So all this begs another question: why? Why would the government go to such extremes to protect a master criminal, especially given that his utility as an informant was minimal? This, more than anything else, is the question that intrigues T.J. English. Scores of books have been written about Whitey Bulger. Very few of them go to such lengths to delve into the systemic dysfunction that allowed him to flourish.

English initially followed the story as a citizen and journalist. Often writing about the dark side of human nature, he views the theme of his works as an exploration of our social universe, seeking to illuminate the subterranean criminal world in order to understand the aboveground societal implications. In this case, to English, the most compelling aspect of the Bulger case is the staggering corruption of the criminal justice system, which began as a dirty little secret inherited from even earlier days of agent-gangster collusion. Where The Bodies Were Buried explores the career and trial of Whitey Bulger, seeking to shine light on the intertwined nature of crime and law enforcement. Through lengthy cultivation of sources—beginning with some of his earlier books—English manages to elicit inside information from a variety of sources: lawmen, witnesses, families, jury members, and even the gangsters themselves.

I was curious about this process: how do you get a criminal to talk to you? The answer, English maintains, is neutrality: people won’t share information with you if they sense judgement. He seeks to understand the perspective of his subjects, allowing the reader to be the judge of the unfolded events he writes about. I asked if he’d ever received feedback from his sources after publication, and he said yes. But I get the sense that few of theses interactions have been hostile; his sources trust him to write honestly and objectively, as do his readers. Unlike a fiction writer, English views the act of sitting and writing as only a fraction of his profession; he thrives on observation, active research, and relationships as his primary métier.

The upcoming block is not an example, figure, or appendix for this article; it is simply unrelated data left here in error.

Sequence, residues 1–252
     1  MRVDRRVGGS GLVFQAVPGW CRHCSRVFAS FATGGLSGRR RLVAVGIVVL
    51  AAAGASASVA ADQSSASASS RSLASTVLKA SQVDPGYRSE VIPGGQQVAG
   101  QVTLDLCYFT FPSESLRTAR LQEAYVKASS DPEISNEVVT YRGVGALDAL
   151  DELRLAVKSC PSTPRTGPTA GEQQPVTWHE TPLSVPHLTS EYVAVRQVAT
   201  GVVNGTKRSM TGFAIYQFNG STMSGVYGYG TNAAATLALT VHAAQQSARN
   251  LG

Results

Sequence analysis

I’m writing this piece on behalf of the Charlotte Mecklenburg Library system, and so I feel compelled to include a shameless plug for the power of libraries. Prospective authors, take note! English was born in Tacoma, Washington—one of ten children—and like most authors, he believes that becoming a writer begins with becoming a reader. Since it was difficult to find a calm place to read in his childhood home, he often escaped to the library, which he credits with sparking his eventual career. In addition to WTBWB, English is a noted journalist, screenwriter and the author of multiple New York times bestsellers. I’m looking forward to his next work, which will focus on the Cuban American underworld in the U.S. in the decades following the revolution in Cuba.